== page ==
Aaron Swartz was a computer programmer and activist that committed suicide on January 11 at age 26 by hanging himself. Swartz was awaiting charges for illegally downloading millions of documents through from Journal Storage (JSTOR). JSTOR is a digital library mostly containing academic journals, both current and old. He used a laptop hidden in a basement network closet in MIT’s Building 16, and intended to distribute the documents for free.
After being indicted in July 2011, he moved to Brooklyn, New York, where he worked for the Avaaz Foundation, an Internet movement which seek to bring people-powered politics to decision-making. When Swartz appeared in federal court in September 2012, he pleaded not guilty to wire fraud, computer fraud and other crimes totaling 13 felony counts. If convicted, Swartz would have faced 35 years in jail and a $1 million fine. JSTOR declined to prosecute and even urged the government to drop its case against Swartz. “Aaron returned the data he had in his possession and JSTOR settled any civil claims we might have had against him in June 2011,” said a JSTOR press release.
Technology and the Internet were mainstays of Swartz’s life from the beginning—his father, Robert Swartz, was a software executive who ran the Mark Williams Company, where Robert sold Coherent, a Unix-like operating system, from 1980 to 1995. The Swartz family owned one of the first Mac computers. At age 14, the younger Swartz co-wrote the specifications for Rich Site Summary, or Really Simple Syndication (RSS). RSS allows people to receive the latest stories on a feed without having to constantly revisit the page. Swartz also contributed to the Creative Commons movement, which works to expand the range of creative works available for others to build upon and share in a legal manner through Creative Commons licenses. Creative Commons licenses allow content creators to communicate which rights they reserve, and which rights they waive for the benefit of recipients or other creators. Swartz also moved online court records from a government-run system, PACER, that were publicly available but cost a fee to access, onto a public site and spent his own money to do so.
Swartz posted on a blog, “My name is Aaron Swartz. I’m a 9th grader at the North Shore Country Day School. In the summer of 2000, I finally realized that school wasn’t working. I decided to do something about it. I’m tired of outdated teaching practices where the students don’t learn anything. I’m tired of constantly being prepared for more preparation. I want something new, something worthwhile, something better.” Swartz’s activism was apparent even at this age.
Swartz attended Stanford University, but left after a year and became a fellow at Harvard University’s Ethics Center Lab on Institutional Corruption. After that, he founded Infogami, which eventually merged with Reddit, one of the most popular social news sites on the Internet. Reddit was rewritten from the Lisp programming language into Python, using Swartz’s web.py framework. Swartz was an owner of Reddit’s parent company, Not A Bug, until Conde Nast purchased the site in 2006. Swartz left and then founded Demand Progress, a group devoted to Internet activism. Demand Progress was instrumental in bringing down the Stop Online Piracy Act (SOPA) and the Protect IP Act (PIPA). After defeating SOPA and PIPA, Swartz found himself in the current situation that eventually caused his suicide.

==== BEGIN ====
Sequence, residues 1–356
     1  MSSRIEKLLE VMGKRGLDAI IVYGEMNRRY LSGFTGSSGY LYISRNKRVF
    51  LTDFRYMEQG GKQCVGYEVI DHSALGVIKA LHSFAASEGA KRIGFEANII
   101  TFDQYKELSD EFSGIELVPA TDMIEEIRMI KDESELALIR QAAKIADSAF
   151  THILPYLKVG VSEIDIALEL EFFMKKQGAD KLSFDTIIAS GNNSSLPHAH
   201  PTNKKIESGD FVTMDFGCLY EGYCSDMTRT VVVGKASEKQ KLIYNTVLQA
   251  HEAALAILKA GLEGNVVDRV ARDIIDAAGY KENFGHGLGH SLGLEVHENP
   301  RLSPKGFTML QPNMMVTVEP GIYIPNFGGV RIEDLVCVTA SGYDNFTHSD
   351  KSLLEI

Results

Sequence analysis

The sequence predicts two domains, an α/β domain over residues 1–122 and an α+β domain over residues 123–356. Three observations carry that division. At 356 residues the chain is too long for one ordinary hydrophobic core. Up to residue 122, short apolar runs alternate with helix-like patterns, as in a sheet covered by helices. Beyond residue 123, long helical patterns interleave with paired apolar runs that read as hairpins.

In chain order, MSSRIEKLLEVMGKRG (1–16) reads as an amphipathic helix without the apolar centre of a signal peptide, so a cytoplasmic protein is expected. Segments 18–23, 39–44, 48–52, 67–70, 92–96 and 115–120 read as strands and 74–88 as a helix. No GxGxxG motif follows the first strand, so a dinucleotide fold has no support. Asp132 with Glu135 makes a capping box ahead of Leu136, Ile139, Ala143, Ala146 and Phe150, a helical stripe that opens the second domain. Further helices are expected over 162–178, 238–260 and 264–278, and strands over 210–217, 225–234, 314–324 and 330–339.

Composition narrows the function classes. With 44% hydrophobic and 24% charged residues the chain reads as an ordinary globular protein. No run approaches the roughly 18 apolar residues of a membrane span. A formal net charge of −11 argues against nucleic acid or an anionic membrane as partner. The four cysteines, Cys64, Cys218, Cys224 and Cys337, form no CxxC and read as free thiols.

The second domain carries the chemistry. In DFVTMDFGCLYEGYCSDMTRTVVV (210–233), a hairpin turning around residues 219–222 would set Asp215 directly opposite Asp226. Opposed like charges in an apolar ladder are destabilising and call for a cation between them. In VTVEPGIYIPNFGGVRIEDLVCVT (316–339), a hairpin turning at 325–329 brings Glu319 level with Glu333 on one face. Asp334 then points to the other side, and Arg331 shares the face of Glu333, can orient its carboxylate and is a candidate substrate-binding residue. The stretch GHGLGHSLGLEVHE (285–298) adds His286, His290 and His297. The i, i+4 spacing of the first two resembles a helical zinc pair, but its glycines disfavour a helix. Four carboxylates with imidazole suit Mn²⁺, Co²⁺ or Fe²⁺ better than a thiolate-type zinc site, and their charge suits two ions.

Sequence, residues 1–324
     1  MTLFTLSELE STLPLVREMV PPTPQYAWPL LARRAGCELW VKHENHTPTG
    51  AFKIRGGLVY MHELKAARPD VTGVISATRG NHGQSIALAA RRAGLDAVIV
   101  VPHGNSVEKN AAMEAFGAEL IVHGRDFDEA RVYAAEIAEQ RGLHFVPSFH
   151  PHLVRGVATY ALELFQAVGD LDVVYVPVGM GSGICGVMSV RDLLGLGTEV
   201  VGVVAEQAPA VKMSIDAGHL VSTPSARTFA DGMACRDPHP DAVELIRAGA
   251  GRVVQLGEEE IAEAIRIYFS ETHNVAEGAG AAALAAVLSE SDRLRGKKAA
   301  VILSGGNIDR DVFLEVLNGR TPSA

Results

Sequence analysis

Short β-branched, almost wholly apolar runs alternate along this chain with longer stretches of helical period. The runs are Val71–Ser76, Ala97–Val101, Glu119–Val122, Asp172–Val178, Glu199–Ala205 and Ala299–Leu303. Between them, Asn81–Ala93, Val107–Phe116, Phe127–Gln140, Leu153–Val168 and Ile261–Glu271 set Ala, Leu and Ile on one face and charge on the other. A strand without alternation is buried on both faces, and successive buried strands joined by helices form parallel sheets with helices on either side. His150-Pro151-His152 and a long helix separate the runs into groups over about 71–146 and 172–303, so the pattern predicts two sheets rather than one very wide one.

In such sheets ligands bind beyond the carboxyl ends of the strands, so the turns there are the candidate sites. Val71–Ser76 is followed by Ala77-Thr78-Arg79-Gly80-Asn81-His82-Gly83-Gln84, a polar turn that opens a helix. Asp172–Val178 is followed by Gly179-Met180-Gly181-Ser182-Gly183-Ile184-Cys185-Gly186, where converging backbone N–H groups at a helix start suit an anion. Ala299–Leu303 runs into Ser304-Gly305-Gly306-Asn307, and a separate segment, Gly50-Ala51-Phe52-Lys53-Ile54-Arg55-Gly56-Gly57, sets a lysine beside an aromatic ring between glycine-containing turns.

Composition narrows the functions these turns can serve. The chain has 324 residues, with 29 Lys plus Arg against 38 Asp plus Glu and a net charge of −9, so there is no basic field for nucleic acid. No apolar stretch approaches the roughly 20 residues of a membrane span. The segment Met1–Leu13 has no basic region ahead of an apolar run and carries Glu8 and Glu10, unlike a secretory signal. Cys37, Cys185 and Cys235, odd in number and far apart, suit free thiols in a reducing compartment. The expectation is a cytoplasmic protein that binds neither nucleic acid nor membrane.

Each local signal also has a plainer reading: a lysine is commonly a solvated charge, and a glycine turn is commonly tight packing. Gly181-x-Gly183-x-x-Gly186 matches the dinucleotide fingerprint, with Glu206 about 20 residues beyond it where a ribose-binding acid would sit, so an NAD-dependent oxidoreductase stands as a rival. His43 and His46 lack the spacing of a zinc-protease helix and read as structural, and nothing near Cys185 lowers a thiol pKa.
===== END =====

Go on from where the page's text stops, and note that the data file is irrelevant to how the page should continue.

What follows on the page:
Prosecutor Carmen Ortiz said, “Stealing is stealing whether you use a computer command or a crowbar, and whether you take documents, data or dollars. It is equally harmful to the victim whether you sell what you have stolen or give it away.” Many were quick to defend Swartz. The American Civil Liberties Union (ACLU) intervened on his behalf. “What Aaron was accused of by the government (was) essentially a serious form of computer hacking,” said ACLU senior policy analyst and technologist Christopher Soghoian. “These are the kinds of things you’d assume the government would use in a serious hacking case—identity theft, millions of credit card numbers stolen, hacking into protected government databases or corporate networks. Aaron was accused of downloading too many articles from a website that anyone connected to the MIT network could log into.”
Academics also took Swartz’s side on the matter. “From the beginning the government worked as hard as it could to characterize what Aaron did in the most extreme and absurd way. Somehow, we need to get beyond the ‘I’m right so I’m right to nuke you’ ethics that dominates our time. That begins with one word: Shame,” said Harvard Law School professor Lawrence Lessig.
“Aaron is seen as a hero. He spent a lot of time working to make the Internet a more open place,” Soghoian said. “We lost a really important person who changed the Internet in a positive way, and we all lose out by his departure.”
Swartz is survived by his father, Robert, his mother, Susan, his younger brothers Noah and Benjamin, and his partner, Taren Stinebrickner-Kauffman.
Swartz was a defender of the Internet and sought to keep it free. In the wake of recent events such as the Cybercrime Law here and abroad, we should follow Swartz’s example and take up his fight to keep the Internet a free and open place for all to access. Rest in peace, Aaron Swartz.